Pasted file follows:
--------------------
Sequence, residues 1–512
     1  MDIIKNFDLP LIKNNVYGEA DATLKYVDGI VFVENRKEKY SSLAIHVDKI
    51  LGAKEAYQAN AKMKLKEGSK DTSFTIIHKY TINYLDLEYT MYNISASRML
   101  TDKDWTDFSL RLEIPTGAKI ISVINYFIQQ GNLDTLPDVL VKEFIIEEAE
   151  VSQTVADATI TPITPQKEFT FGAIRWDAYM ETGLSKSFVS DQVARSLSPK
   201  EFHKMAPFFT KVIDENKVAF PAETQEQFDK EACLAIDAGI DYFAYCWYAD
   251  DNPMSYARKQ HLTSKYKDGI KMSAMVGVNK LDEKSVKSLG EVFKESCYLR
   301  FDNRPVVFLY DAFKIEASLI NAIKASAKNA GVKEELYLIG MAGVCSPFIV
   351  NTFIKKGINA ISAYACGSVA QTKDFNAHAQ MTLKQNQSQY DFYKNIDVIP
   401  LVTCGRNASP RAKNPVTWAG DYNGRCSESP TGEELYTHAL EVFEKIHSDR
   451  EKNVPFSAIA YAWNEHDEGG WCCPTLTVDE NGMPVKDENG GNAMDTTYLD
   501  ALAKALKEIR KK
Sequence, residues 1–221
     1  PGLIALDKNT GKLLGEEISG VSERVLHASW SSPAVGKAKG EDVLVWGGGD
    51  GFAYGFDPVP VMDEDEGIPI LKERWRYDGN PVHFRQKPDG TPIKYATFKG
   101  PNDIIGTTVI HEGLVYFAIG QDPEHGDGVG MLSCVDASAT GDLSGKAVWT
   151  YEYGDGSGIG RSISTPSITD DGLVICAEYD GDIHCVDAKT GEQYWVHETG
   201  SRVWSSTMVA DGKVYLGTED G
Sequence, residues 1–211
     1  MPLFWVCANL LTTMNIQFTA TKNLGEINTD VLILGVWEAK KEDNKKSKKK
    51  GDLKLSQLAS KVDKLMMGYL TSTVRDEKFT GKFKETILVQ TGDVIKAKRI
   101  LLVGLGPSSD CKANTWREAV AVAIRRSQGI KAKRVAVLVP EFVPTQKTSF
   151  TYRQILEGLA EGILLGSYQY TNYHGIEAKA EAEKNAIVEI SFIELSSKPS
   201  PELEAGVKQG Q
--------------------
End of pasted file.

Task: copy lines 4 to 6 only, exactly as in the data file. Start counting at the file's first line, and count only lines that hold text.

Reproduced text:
   101  TDKDWTDFSL RLEIPTGAKI ISVINYFIQQ GNLDTLPDVL VKEFIIEEAE
   151  VSQTVADATI TPITPQKEFT FGAIRWDAYM ETGLSKSFVS DQVARSLSPK
   201  EFHKMAPFFT KVIDENKVAF PAETQEQFDK EACLAIDAGI DYFAYCWYAD